[00:44:45] Dan Runcie: Yeah, for sure. And for you specifically, if we zoom out a bit, looking at the past six years since you’ve been there, we definitely talked a lot about wins, a lot of the successes. But are there any setbacks or are there any missed opportunities that you look back on, especially the past six years since you’ve been there being like, oh, I wonder if we did this differently with this brand. I wonder if we did that differently?
[00:45:07] Tarik Brooks: Yeah, I think for us, one of the things I appreciate about Puff and it’s a value that we both share, which you know, you look at everything as like a learning opportunity to say like maybe the outcome didn’t go your way, but there was plenty of stuff you could learn from if you embrace the opportunity the right way. So like I look at the fact that it was back in was announced as an opportunity. We saw the value of the team and the value of the assets all around. You thought it was a great opportunity, pursued it. You know, the group that we were part of didn’t win, but through that process, learned a ton about that space. You know, I met great people, you know, business partners and relationships that we still engaged with in different things today all came from that opportunity. So like, you know, while, look, I would’ve loved to be able to win that deal or bring that home, you know, I think there’s a lot that comes from it. It sets us up for the things we do, you know, when I think about, David, we talked about the Revolt Summit earlier, right? Like, you know, as we were building the Revolt Summit, you know, we bring it back after, I think a year off. And then in 2020 the pandemic hit. So we gotta basically shut it down and go virtual. But like coming outta those were things we learned about how we’re gonna in the future. So this year, you know, the biggest Revolt Summit ever, how’s Metaverse versus online? Like all those things coming around. Again, learnings that you utilize going forward. And so, you know, whether it’s you thinking through every single flavor in the portfolio or every single bab in the artist roster, even the ones that don’t work out the way, you know, you want them to work out their stuff. You can learn from that help, impact and help you to be better as you move forward. That’s the way we think. You know, and I talk all the time about just, you know, transparently looking at the things that go right and go wrong and making sure we’re learning.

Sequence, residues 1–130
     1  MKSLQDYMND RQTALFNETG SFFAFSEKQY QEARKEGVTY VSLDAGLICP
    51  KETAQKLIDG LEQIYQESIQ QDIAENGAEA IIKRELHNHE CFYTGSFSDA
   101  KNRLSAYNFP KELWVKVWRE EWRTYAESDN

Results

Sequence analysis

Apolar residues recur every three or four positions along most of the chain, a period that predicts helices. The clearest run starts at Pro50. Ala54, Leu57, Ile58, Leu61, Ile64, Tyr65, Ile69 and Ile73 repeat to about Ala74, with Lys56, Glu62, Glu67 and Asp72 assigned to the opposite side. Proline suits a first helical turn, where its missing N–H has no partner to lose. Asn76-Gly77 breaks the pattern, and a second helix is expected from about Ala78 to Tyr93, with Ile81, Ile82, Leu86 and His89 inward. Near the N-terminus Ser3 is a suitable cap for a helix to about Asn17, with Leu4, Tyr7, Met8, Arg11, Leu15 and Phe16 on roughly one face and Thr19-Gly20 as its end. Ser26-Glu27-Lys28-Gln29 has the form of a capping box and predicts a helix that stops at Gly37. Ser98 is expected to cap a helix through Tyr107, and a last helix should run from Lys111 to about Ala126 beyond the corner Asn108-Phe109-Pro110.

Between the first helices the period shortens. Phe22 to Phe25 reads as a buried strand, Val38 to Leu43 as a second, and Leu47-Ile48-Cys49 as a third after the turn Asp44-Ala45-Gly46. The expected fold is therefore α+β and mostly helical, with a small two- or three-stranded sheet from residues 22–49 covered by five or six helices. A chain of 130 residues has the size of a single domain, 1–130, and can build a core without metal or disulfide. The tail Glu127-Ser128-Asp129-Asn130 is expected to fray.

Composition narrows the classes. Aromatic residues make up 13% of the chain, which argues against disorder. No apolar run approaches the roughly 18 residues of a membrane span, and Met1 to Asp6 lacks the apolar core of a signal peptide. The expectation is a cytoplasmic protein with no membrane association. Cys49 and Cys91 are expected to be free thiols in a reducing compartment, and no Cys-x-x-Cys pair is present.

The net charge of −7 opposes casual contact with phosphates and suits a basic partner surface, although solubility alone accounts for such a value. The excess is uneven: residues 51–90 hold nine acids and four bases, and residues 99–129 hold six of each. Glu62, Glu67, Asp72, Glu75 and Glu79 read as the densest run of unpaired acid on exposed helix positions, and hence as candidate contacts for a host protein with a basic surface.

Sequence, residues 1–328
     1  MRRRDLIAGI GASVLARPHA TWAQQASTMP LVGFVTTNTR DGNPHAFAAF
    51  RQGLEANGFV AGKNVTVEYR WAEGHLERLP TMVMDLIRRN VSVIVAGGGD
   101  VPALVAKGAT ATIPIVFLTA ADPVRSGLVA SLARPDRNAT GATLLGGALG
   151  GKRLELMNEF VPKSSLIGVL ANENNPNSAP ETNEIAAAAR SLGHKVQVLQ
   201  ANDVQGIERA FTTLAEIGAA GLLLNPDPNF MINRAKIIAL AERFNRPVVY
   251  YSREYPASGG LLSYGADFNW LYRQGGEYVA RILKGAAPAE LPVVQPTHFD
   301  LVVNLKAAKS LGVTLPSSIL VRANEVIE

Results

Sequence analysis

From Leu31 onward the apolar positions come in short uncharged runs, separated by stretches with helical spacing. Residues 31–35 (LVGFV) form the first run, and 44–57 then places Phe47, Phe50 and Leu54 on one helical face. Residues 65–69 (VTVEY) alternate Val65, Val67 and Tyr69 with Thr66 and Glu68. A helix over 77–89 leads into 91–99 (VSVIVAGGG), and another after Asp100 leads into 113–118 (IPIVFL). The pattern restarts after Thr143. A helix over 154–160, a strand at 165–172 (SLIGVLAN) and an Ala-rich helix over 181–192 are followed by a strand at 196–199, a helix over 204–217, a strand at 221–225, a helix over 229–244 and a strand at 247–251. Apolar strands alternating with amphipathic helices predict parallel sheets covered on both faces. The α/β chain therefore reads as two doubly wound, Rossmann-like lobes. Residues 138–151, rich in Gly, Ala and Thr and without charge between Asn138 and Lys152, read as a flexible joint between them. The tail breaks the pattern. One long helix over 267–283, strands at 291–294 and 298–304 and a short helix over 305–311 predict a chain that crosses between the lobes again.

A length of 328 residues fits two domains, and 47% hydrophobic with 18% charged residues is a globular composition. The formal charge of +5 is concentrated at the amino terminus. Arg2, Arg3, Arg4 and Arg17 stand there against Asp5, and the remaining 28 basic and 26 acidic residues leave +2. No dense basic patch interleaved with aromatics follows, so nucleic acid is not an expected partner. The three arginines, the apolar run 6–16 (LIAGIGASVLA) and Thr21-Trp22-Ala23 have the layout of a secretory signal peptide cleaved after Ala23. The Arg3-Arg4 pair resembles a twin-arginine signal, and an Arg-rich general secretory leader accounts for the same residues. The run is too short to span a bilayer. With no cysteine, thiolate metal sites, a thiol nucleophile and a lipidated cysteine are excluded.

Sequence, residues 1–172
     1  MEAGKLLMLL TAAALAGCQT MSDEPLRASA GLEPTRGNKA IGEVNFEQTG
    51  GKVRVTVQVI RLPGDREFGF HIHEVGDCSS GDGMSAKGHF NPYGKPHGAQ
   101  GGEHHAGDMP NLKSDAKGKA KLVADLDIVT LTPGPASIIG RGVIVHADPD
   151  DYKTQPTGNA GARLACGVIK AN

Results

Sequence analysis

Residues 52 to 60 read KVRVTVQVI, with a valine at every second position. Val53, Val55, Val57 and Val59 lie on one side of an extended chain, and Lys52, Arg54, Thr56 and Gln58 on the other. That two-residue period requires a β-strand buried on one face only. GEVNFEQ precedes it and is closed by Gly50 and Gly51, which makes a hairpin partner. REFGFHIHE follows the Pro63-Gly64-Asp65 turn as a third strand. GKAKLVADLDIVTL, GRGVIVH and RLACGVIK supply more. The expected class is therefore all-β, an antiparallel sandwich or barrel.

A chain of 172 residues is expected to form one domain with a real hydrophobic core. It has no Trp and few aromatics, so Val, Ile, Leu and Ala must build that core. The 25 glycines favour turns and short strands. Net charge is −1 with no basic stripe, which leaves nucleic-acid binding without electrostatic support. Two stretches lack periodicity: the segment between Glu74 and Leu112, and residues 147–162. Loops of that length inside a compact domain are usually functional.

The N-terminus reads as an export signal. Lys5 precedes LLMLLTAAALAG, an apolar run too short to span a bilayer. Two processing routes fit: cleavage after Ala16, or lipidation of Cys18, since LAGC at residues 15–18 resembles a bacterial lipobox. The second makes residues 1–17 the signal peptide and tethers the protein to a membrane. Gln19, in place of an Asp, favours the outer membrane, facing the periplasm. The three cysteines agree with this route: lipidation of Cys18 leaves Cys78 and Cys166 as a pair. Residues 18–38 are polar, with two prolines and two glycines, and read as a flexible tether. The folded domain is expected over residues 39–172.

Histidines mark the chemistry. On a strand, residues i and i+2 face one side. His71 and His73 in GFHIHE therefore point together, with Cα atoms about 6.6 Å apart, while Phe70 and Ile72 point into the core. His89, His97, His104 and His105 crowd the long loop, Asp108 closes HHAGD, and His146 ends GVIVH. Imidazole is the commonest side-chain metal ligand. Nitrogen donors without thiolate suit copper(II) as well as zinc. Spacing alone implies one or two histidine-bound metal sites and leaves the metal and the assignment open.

[00:47:05] Dan Runcie: Can we actually talk a little bit about the Carolina Panthers one specifically? Because I know you all said that you didn’t win the bid, but was it an aspect of being outbid or the owners or someone just choosing someone different? Like how did that all go down? Cause I remember the headlines about it. I remember that there were a few other prominent black public figures that were in that ownership group too.
[00:47:27] Tarik Brooks: Yeah, I mean, look, what I would say is, you know, the person that you know ended up winning the bid, I believe, if I remember correctly, had, you know, the highest bid relationship. I think from that perspective, he kinda knew the league, well, and, and was prepared in a number of different ways to be able to take it down. And I would just say the group that we were part of kinda fell short in that way. But what’s interesting is, you know, the number, and I just can’t remember real time, the exact number he ended up paying for. When you look at the number that people think that the Washington Commanders are gonna command, and the number that the Denver Barcos commanded. You know, while that number he paid was high at the time, you know, it’s not even half what somebody might pay for the Washington Commanders. And so perspective, you’re willing to pay for something. You gotta live with the fact that there’s just maybe willing to pay more for it than you. Right. And so, you know, we ended up being a part of a really sharp group that, you know, had thought really hard about, you know, what was in this case. You know, we rounded. So, you know, again, it’s one of those things you learn from, right? Like, you know, sports, entertainment, and business is very unique. You know, assets, you know, come available at different points in time. It’s all about thinking about, you know, what do you think the asset is worth? What do you think you can do with it, you know, to translate to what you think it should be worth. And somewhere in that analysis you get to what you think you should pay for, right? And that’s where you kinda make your move. And in that case, you know that there were just folks willing to pay for.